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23 Employees on Leave from Ohio Hospital after giving Excessive Pain medication

Hospice   (1,220 Views 6 Comments)

ClaraRedheart has 5 years experience as a BSN, RN and specializes in Med-Surg.

7,364 Profile Views; 260 Posts

https://www.cnn.com/2019/01/30/health/ohio-fentanyl-death-employees-on-leave/ 

A quick summary: Several employees are on leave for giving lethal and potentially lethal doses of medication to dying patients. Just curious what hospice nurses think of this! I thought that large doses and morphine drips were fairly common for dying patients. It's not something that I feel comfortable with, I'm med-surg and not hospice, so a bit out of my familiarity and have to seek advice when I get a hospice patient... but thought that it happens fairly frequently. What do you guys think? 

Edited by ClaraRedheart
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7 Followers; 3,245 Posts; 21,773 Profile Views

2000 mcg of Fentanyl is not comfort care. 

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vampiregirl has 9 years experience as a BSN, RN and specializes in Hospice.

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Management of pain and dyspnea can be tricky at end of life. Having worked inpatient hospice I've cared for some patients that have required much larger than typically normal doses of opioids for symptom management.

Patient assessment and monitoring is critical when administering any medication. "Larger" doses should be titrated up slowly to assess what dose a patient needs for effective symptom management. Monitoring of respiratory status should be frequent/ ongoing and other considerations (level of responsiveness, pupil response) also assessed frequently. With palliative and hospice patients, the goal should always be to control symptoms with the minimum amount of medication necessary to control symptoms.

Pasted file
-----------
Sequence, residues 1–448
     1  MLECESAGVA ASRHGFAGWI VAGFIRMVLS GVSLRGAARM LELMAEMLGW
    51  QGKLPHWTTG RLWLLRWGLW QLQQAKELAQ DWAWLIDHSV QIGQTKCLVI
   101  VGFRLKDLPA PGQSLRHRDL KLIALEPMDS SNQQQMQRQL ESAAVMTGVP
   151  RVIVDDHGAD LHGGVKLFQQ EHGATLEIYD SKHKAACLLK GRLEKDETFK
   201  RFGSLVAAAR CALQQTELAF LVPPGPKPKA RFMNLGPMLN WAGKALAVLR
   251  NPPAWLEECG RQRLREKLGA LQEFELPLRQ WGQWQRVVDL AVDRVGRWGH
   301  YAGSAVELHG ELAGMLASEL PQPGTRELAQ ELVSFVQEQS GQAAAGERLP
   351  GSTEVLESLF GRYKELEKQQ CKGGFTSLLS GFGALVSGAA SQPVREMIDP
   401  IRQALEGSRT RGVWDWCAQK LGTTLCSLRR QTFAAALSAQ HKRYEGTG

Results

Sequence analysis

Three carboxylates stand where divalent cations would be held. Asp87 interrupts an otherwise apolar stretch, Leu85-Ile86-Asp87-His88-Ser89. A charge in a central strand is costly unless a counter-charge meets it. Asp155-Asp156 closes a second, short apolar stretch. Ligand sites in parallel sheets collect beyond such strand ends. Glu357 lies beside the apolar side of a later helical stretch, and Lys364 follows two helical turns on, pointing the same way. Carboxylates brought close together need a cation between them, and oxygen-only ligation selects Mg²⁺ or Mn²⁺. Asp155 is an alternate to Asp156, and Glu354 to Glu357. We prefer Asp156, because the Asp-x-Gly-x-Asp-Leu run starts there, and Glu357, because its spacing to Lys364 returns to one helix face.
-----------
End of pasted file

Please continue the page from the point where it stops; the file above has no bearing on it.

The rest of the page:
As I nurse, I'm always acutely aware that I am responsible for any medications I'm administering. If I have concerns, I collaborate with a provider prior to administering the medication. I was very familiar with the meds I was administering and have had fairly extensive education about symptom control at end of life. I don't know anything about the nurses who administered the meds in question - so I don't know about the education and experience of the nurses involved. This could definitely be a factor in this story. 

Another consideration is that patients approaching end of life can occasionally have rapid changes in condition (such as death) that are unrelated to meds having been administered. However, the number of patients involved in the article certainly concerns me.

I guess what I'm trying to say is that we simply don't have enough information to draw any conclusions. My heart goes out to all those involved though - the staff and the family/ friends of those patients. I can't even imagine what it would be like to have a loved one die of what was originally thought of as a terminal process but then questions arise as to whether the timeline had been manipulated by someone providing orders and/or care. 

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7 Followers; 3,245 Posts; 21,773 Profile Views

Not all of the patients were terminal, or receiving end of life care. Regardless 2000 mcg of Fentanyl is so far out of the realm of reasonable dosing even for end of life situations that no amount of explaining is going to matter. 

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RNBearColumbus has 13 years experience as a ADN.

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The patient's that died were not hospice patients. Most had recently been taken off vents, and the high doses of fentanyl and other opiates were ordered by the same physician.  

According to local news sources, the 23 people that have been suspended were nurses, pharmacists and managers who failed to follow  proper procedure for the review and approval of orders. 

While we do use morphine and other opiates for control of pain and dyspnea at end of life, the doses are titrated to effect starting with smaller doses, and increasing as needed. We do not immediately start giving huge doses of morphine with the goal of "snowing" the patient or hastening the end of life. 

It really makes me sad that people on social media ( and even the mainstream media) have equated the actions of this one doctor with hospice and end of life care.  

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Tenebrae has 7 years experience as a BSN, RN and specializes in Primary Health, Gerontology, Palliative.

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On 2/14/2019 at 12:57 PM, Wuzzie said:

2000 mcg of Fentanyl is not comfort care. 

Highest dose of fentanyl I've seen used was 600mcg

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